Nursing News

Transplant Nurse Shares ‘Miracle’ Stories in New Book


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Fast Facts About Organ Transplantation 

The first successful organ transplantation took place in 1954; it was a kidney transplant. The first successful liver transplant occurred in 1967. By 2001, the number of living organ donors in the United States for the year (6,528) was greater than the number of deceased organ donors (6,081).

According to OrganDonor.gov, on average:

 

  • 79 people receive organ transplants each day
  • 18 people die every day waiting for transplants
  • Every 10 minutes, another name is added to a wait list for an organ

 

For more information on organ transplantation or working with organ transplant patients, visit:
 

 

Find more inspiring stories about nurses and patients--along with nursing news and career advice--on NurseZone.com!

 

By Jennifer Larson, contributor 

May 3, 2013 - Mary Saubert, MSN, RN, has worked with countless organ transplant patients and their families over the past 15 years. 

My Christmas Miracles and Other Stories About Organ Transplant.
Mary Saubert, MSN, RN, tells stories from her experience as a transplant nurse in her book, My Christmas Miracles and Other Stories about Organ Transplant.

She treasured so many of the people she has met on the transplant unit in the Indianapolis hospital where she works that she took to writing down their stories. Many nights, even after she finished a long 12-hour shift and went home, she didn’t just collapse into bed. Instead, she plunked herself down in front of her computer and typed out their stories while they were fresh in her head. She named the file “Mary’s Book.” 

“I would think of something that occurred during that shift that really impacted me, like the courage of a particular patient,” she said. 

Saubert, who has been a registered nurse for more than 40 years, never dreamed that she’d actually publish those stories one day. But then on a whim, she entered a manuscript contest sponsored by Guideposts, a faith-based, inspirational magazine. 

The result is her recent book, My Christmas of Miracles and Other Short Stories About Organ Transplant, which was self-published with the help of Guideposts’ Inspiring Voices service.

The preface to the book reads, “Their stories are all true. Some are sad, some are funny, but all of them show how precious life is.” 

And that’s true, she said. It never gets old. She never ceases to be touched.

“Every person is still a miracle to me,” she said.

Take Melody. 

Mary dedicated one chapter in her book to Melody’s story. Melody had pulmonary fibrosis and pulmonary hypertension when Saubert met her at a support group picnic one hot summer day. She needed new lungs, but her doctors had determined that she needed to lose weight before she could receive a transplant. Her skin was “a ghastly gray” even though she was receiving oxygen therapy.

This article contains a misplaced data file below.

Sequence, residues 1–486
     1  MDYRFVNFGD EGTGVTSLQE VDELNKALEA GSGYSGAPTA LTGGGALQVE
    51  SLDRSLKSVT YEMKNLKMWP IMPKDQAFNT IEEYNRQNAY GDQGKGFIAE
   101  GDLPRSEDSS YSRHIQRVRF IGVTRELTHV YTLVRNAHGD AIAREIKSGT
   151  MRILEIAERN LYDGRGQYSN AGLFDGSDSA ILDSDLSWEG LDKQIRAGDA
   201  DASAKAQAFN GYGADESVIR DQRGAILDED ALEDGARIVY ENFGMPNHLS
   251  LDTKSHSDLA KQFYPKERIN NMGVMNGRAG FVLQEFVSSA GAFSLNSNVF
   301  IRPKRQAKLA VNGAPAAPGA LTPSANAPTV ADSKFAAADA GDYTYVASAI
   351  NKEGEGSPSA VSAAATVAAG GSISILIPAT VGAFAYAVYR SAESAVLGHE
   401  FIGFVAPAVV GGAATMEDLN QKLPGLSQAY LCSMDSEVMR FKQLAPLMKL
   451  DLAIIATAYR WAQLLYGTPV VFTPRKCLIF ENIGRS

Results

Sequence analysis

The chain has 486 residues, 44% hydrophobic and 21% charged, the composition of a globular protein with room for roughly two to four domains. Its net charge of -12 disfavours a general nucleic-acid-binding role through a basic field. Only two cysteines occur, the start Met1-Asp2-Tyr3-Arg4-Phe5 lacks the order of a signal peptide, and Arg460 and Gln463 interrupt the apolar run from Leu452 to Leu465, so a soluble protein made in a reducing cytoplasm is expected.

Another challenge: Melody had a very high antibody level, about 96 or 97 percent. Only a very small fraction of the population was likely to be a match with her. 

Melody worked hard to lose weight, to stay active, to do everything she was supposed to do. It was hard, and there were setbacks. Saubert was struck by her positive attitude, her persistence. “There all these things that were against her, and she was still determined,” said Saubert. 

But the years rolled by, and other people in her support group received organ transplants. People in her pulmonary rehab group received lungs. And still Melody waited for her own new lungs.  Her face was purple. Her legs began to get numb. “As time wore on,” Saubert wrote, “I could tell it was hard to understand why she was the only one still waiting.” 

Author Mary Saubert shares stories of organ transplant nursing.
Author Mary Saubert, MSN, RN, considers her years in transplant nursing as an honor, and she is constantly inspired by her transplant patients. She encourages everyone to be an organ donor.

The night that lungs finally came for Melody, she arrived at the hospital in a very fragile state. She was starting to be very confused, due to the lack of oxygen. “She was literally at death’s door,” Saubert said. 

And the lungs were not in perfect shape, either. It was a risk to transplant them into Melody’s body, but “this was her only chance,” Saubert said. 

As a nurse, Saubert knew all too well that Melody might have a tough road ahead of her, if she survived. She joined Melody’s husband, Gregg, in the waiting room until she came out of surgery. The days following the surgery were touch and go, but when sedation was finally withdrawn, Melody was back. 

“She got out of the hospital, and she’s never been back,” said Saubert, the wonder still in her voice two years later. “They’re all miracles, but hers is really a miracle.” 

She concluded Melody’s chapter by describing all the travels that Melody and Gregg are making these days, including visiting friends and taking their grandchildren camping.

“On their refrigerator is a crayon drawing of Melody from her youngest granddaughter. The face is drawn with a pink crayon and the lips are bright red,” wrote Saubert. 

Saubert said she hopes the book will bring some comfort--and maybe even a few laughs--to transplant patients and their loved ones. Their lives are completely altered by the transplant process, and it’s something that can be hard for others to understand.

She feels it’s been an honor to work with organ transplant recipients, as well as a profound learning experience. 

“They have truly learned to use every moment wisely, because you don’t know what will happen to you tomorrow,” said Saubert. 

 

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